Meet Chris Hensiak, welding instructor at Hennepin Technical College.
I met him while researching a story about work being done to help lives in inner-city Minneapolis. His school is partnered with a north Minneapolis nonprofit to provide welding and machining education to local young adults.
The demand, on both ends, is high.
“They’ll take as many guys as I can feed them,” he says of local power companies.
Young adults arrive to find “hidden jobs they never heard about. Schools have this theory that everyone has to go to four year college,” he said.
Chris is the Minnesota Mike Rowe.
Mike Rowe is the TV host who’s become famous in recent years for his programs about blue collar work in America. By hosting these programs, Rowe discovered that these jobs weren’t just interesting to learn about–they were in need of good workers. Then he uncovered the stone causing this: a systemic undervaluing of hard work in America preventing young people to not just shy away from physically demanding work but to shy away from hard work in general.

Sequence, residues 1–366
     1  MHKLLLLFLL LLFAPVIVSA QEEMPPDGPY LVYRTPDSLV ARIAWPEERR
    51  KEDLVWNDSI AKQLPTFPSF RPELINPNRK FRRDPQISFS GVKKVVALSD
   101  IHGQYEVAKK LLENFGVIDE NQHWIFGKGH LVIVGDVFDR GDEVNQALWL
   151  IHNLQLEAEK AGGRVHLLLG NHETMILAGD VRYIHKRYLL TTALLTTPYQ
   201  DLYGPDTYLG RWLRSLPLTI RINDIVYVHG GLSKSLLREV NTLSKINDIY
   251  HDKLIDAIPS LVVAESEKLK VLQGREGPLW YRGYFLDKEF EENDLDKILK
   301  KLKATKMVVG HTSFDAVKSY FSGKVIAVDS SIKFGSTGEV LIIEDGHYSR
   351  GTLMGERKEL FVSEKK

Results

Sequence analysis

Chris Hensiak echoes these sentiments. But this attitudinal hurdle isn’t his only obstacle. The guys he works with–the ones in the inner-city who most need the jobs–are also the ones at a higher rate of not qualifying. Working at a power plant or oil refinery means needing to have no criminal record according to guideline set by US Homeland Security.
But he’s not deterred. The need is there, and the jobs “pay huge,” he said. It’s rewarding to work with the guys he does get qualified, to train them for a career they can be proud of. Today, in fact, he’s got a class of eight guys who are going to try welding for the first time.